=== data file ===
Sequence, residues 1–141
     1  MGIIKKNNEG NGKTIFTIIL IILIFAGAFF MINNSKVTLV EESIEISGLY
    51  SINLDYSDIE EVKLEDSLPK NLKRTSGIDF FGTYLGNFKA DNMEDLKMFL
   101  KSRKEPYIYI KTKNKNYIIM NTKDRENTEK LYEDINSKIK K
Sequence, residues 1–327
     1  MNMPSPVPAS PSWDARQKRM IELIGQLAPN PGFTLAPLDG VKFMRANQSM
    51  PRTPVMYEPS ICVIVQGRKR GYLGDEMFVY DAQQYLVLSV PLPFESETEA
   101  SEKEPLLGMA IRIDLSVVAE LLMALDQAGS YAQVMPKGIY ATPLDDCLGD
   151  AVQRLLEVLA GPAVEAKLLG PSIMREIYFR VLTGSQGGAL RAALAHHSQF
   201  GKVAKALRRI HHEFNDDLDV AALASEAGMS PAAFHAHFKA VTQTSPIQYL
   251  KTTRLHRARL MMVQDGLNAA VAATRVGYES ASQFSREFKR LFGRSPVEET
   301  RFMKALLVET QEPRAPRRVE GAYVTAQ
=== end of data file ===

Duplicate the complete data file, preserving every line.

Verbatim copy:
Sequence, residues 1–141
     1  MGIIKKNNEG NGKTIFTIIL IILIFAGAFF MINNSKVTLV EESIEISGLY
    51  SINLDYSDIE EVKLEDSLPK NLKRTSGIDF FGTYLGNFKA DNMEDLKMFL
   101  KSRKEPYIYI KTKNKNYIIM NTKDRENTEK LYEDINSKIK K
Sequence, residues 1–327
     1  MNMPSPVPAS PSWDARQKRM IELIGQLAPN PGFTLAPLDG VKFMRANQSM
    51  PRTPVMYEPS ICVIVQGRKR GYLGDEMFVY DAQQYLVLSV PLPFESETEA
   101  SEKEPLLGMA IRIDLSVVAE LLMALDQAGS YAQVMPKGIY ATPLDDCLGD
   151  AVQRLLEVLA GPAVEAKLLG PSIMREIYFR VLTGSQGGAL RAALAHHSQF
   201  GKVAKALRRI HHEFNDDLDV AALASEAGMS PAAFHAHFKA VTQTSPIQYL
   251  KTTRLHRARL MMVQDGLNAA VAATRVGYES ASQFSREFKR LFGRSPVEET
   301  RFMKALLVET QEPRAPRRVE GAYVTAQ